The receptors CD96 and CD226 oppose each other in the regulation of natural killer cell functions

Christopher J. Chan, Ludovic Martinet, Susan Gilfillan, Fernando Souza-Fonseca-Guimaraes, Melvyn T. Chow, Liam Town, David S. Ritchie, Marco Colonna, Daniel M. Andrews, Mark J. Smyth

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200 Scopus citations

Abstract

CD96, CD226 (DNAM-1) and TIGIT belong to an emerging family of receptors that interact with nectin and nectin-like proteins. CD226 activates natural killer (NK) cell-mediated cytotoxicity, whereas TIGIT reportedly counterbalances CD226. In contrast, the role of CD96, which shares the ligand CD155 with CD226 and TIGIT, has remained unclear. In this study we found that CD96 competed with CD226 for CD155 binding and limited NK cell function by direct inhibition. As a result, Cd96 -/- mice displayed hyperinflammatory responses to the bacterial product lipopolysaccharide (LPS) and resistance to carcinogenesis and experimental lung metastases. Our data provide the first description, to our knowledge, of the ability of CD96 to negatively control cytokine responses by NK cells. Blocking CD96 may have applications in pathologies in which NK cells are important.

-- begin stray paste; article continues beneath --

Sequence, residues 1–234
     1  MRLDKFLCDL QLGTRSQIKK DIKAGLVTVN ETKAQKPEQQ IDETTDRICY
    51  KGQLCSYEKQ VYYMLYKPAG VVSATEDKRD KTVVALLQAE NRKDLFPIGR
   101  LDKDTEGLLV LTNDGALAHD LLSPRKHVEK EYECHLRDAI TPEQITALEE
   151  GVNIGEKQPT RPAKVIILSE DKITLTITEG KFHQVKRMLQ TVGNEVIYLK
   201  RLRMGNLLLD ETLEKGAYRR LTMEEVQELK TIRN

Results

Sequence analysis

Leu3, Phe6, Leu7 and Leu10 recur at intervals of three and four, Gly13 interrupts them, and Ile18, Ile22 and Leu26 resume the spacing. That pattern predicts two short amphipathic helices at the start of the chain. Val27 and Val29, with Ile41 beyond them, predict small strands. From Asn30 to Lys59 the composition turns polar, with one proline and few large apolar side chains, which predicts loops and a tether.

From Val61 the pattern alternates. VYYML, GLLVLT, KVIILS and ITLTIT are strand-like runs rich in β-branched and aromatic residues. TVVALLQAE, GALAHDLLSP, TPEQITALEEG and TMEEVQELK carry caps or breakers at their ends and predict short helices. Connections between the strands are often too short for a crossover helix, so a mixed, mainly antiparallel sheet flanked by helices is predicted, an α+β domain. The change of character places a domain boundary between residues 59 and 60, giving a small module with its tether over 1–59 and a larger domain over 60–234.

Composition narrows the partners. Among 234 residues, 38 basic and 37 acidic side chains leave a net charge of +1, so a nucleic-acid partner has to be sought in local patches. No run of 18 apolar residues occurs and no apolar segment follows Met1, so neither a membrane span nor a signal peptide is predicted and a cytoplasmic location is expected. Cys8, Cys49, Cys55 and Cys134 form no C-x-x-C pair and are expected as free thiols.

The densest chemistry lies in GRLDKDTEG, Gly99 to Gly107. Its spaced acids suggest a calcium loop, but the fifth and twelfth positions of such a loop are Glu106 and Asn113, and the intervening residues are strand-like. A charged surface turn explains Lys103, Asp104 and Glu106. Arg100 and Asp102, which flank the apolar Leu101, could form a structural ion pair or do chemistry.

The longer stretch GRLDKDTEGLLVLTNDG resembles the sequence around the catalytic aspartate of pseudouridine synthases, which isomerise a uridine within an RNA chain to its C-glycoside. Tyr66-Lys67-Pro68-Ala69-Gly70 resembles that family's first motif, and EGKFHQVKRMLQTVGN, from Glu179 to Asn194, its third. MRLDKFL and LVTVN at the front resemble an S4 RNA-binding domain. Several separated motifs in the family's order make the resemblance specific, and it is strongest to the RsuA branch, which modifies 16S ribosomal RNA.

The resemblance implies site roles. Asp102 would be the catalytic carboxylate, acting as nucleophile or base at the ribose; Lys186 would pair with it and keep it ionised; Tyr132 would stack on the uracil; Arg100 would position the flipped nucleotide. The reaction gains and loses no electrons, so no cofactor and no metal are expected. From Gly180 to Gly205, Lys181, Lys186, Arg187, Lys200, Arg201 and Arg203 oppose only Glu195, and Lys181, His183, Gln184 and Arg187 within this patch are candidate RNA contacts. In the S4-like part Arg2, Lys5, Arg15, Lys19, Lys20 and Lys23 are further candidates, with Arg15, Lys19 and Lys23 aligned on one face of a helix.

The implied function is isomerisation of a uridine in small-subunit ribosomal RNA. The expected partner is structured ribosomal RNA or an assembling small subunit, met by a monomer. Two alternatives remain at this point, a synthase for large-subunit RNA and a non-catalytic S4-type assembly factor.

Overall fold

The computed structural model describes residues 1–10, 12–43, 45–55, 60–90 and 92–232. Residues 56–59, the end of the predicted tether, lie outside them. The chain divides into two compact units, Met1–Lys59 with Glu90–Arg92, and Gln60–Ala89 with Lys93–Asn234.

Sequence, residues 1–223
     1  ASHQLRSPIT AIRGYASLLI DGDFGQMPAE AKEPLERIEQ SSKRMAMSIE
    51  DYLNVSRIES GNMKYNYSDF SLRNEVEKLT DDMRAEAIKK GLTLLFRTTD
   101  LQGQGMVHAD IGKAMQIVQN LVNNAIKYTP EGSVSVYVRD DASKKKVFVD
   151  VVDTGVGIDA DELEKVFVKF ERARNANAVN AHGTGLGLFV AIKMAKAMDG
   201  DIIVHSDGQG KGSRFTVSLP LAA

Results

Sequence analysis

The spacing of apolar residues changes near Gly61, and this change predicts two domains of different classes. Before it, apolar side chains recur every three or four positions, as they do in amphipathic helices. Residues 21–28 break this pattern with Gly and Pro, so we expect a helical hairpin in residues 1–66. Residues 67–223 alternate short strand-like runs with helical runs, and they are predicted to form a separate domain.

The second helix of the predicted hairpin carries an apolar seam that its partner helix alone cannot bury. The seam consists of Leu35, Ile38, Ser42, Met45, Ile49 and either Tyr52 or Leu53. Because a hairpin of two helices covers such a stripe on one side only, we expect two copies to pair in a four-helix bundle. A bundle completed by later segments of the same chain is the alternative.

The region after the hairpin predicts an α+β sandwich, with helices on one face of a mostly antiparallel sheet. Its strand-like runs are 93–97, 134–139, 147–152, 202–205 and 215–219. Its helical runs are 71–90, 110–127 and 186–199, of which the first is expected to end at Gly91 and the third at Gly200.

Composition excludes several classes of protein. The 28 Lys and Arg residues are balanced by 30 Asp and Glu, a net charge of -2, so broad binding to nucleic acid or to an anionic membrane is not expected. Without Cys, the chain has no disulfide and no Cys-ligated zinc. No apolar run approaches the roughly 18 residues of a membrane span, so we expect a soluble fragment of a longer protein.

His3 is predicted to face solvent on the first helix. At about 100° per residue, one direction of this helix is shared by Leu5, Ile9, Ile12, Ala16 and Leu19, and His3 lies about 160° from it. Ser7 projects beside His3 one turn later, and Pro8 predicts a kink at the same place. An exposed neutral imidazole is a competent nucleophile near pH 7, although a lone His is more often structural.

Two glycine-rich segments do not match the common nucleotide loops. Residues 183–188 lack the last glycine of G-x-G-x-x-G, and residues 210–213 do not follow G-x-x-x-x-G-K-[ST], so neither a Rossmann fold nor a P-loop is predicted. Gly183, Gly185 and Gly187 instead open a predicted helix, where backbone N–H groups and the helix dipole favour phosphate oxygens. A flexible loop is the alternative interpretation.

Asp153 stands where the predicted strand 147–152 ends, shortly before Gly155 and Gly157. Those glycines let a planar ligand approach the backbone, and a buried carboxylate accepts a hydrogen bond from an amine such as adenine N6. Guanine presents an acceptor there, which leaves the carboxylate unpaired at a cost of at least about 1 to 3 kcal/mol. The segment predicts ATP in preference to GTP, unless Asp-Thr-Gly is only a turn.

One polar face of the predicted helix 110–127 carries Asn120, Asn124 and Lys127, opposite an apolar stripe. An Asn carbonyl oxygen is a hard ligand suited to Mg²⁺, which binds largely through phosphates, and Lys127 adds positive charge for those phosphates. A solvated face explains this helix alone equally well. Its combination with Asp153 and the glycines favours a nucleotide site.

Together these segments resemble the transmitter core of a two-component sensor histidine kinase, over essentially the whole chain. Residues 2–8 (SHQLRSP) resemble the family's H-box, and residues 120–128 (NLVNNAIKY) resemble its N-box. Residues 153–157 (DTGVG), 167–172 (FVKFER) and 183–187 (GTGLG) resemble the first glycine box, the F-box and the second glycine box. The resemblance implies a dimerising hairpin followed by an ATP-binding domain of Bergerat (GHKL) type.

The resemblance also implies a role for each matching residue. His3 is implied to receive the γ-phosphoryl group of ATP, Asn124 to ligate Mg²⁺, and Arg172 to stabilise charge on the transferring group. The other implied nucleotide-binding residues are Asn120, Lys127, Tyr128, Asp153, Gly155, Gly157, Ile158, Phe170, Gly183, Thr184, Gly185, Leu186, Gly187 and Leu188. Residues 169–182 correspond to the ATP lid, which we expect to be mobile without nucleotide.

Original languageEnglish
Pages (from-to)431-438
Number of pages8
JournalNature immunology
Volume15
Issue number5
DOIs
StatePublished - May 2014

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    Chan, C. J., Martinet, L., Gilfillan, S., Souza-Fonseca-Guimaraes, F., Chow, M. T., Town, L., Ritchie, D. S., Colonna, M., Andrews, D. M., & Smyth, M. J. (2014). The receptors CD96 and CD226 oppose each other in the regulation of natural killer cell functions. Nature immunology, 15(5), 431-438. https://doi.org/10.1038/ni.2850